My dear friend and roommate of almost 7 years just reminded me of a day in Peru. It was our first day climbing the Andes. We began at a high elevation, but our guide motioned to the peaks ahead. “We will summit that one today,” he said, pointing toward a mountain crest disappearing into the fog, rising ominously ahead of us. Cows grazed innocently around where we stood. No cows grazed on that mountain.
We will crest that today? I wondered. Six hours later, we were nearing the peak. When Incans carved mountain trails, they had one idea: up. Switchbacks were added later, in some places. Mostly, you are hiking UP. It is high (code for thin air), and it is far. The topography changes drastically from the mountain base to the crest. You move from trickling streams, green grass, cows (as I mentioned), to rocks, boulders, jagged-edged and precarious. Apparently from the summit you have great vistas. For us, not so. The temperature, which started out at Wisconsin, moved toward Arctic. When the temperature dropped and it started raining, I realized I had made a fatal error: I was only wearing my rain jacket over my t-shirt. Just my t-shirt. My fleece was inside my backpack. I was wearing my thermal and my fleece. This meant I needed to not only get my fleece out of my backpack, but also strip down to my t-shirt in order to put it on underneath my raincoat. In the freezing rain. I admit, I lose a few mensa points for this scheme. So there I was, in a t-shirt, frantically trying to get warmer clothes on while freezing rain was coming in at every angle. Putting on coats over soaked clothes is less than desirable.
Climbing down from the peak was eerie. The fog was so thick you couldn’t see more than 4 feet in front of you. Hence, boulders the size of two story buildings rose up out of nowhere. When I looked out, I saw nothing. When I looked down, I was dazzled by the array of colors in the moss beneath my feet. Purples and reds wound intricately through the green and yellow hues of typical moss. The greens ranged from that of a golden delicious apple to a sapphire gem.
I wondered how we would find our next rest stop. The morning felt like days ago. It had been at least two hours since I last saw our mules go by with the packs, and the trail was not well marked. It was not marked at all, actually, and I had to follow people in front of me. People who faded in and out of the fog. I would go ten or twenty minutes without seeing a soul. Finally, I locked in on one of our companions and in front of him I made out a blue tent. Home.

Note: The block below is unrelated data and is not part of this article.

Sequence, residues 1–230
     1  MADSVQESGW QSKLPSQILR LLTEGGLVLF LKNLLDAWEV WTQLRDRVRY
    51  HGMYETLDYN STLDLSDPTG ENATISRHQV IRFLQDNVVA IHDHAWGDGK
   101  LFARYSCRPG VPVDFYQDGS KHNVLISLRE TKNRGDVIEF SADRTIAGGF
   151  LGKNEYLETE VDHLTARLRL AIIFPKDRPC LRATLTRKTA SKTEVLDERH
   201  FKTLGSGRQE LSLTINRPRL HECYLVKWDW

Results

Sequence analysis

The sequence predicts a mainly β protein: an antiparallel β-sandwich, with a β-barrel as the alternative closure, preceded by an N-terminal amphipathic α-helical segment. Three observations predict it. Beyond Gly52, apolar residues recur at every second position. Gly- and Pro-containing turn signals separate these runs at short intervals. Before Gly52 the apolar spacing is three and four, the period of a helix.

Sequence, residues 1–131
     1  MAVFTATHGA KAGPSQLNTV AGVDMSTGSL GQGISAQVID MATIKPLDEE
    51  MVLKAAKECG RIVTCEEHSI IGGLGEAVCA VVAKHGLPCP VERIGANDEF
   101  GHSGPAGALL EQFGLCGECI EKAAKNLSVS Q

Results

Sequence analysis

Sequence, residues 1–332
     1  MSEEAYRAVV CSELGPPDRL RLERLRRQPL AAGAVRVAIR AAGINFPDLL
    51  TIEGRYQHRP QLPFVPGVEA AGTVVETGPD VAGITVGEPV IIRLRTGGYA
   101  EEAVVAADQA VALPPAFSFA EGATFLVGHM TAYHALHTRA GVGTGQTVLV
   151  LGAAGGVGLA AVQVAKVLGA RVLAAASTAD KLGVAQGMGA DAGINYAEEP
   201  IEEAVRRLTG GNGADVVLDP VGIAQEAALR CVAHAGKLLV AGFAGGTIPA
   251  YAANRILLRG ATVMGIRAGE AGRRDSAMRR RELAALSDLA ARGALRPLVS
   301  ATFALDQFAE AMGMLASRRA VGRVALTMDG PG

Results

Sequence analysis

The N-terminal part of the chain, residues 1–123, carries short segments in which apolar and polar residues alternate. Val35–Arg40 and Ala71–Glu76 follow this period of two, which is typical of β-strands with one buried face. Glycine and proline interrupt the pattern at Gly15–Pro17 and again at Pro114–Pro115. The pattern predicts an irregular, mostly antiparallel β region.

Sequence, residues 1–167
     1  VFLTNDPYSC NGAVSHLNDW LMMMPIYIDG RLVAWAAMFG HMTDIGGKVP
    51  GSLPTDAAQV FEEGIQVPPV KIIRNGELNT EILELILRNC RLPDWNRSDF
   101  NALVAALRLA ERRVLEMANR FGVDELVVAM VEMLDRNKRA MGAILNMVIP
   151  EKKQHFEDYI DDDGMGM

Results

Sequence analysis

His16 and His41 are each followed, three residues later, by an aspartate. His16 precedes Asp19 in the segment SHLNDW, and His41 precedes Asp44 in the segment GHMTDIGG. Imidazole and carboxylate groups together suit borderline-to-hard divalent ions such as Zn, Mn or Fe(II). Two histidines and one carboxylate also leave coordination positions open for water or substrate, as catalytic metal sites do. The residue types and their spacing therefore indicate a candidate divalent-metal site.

Stepping inside the tent was one of the most surreal experiences of my life. Eight companions huddled there like refugees. We were all soaked to the bone. I couldn’t feel my feet, and when tingling crept back in, it burned fire. Our cheery cook handed me a cup. “Mate de coca?” He asked brightly, “coca tea?” as though we were sitting in his backyard on a summer day. I drank the tea gratefully, mostly thankful for the warmth on my hands.
The tent became a hotbox, the steam rising off our frozen bodies. Nothing was dry. Warm, delicious foods began to be passed through the panel in the tent. I have no idea how he whipped together gourmet meals in a half-tent on the side of the Andes mountains, but I never intended to ask. We ate, talking occasionally.
Tonight, my roommate came into my room carrying a cup of tea. “Remember that day…?” she said, and reminded me of the experience above. I felt my cold feet (feel being the operative word) and smiled. We laughed together. “I can’t promise you it’s going to be easy, but I promise it will be worth it” was our mantra. If I could do it all over again, I would in a heartbeat. Only, do it in warmer, waterproof clothing.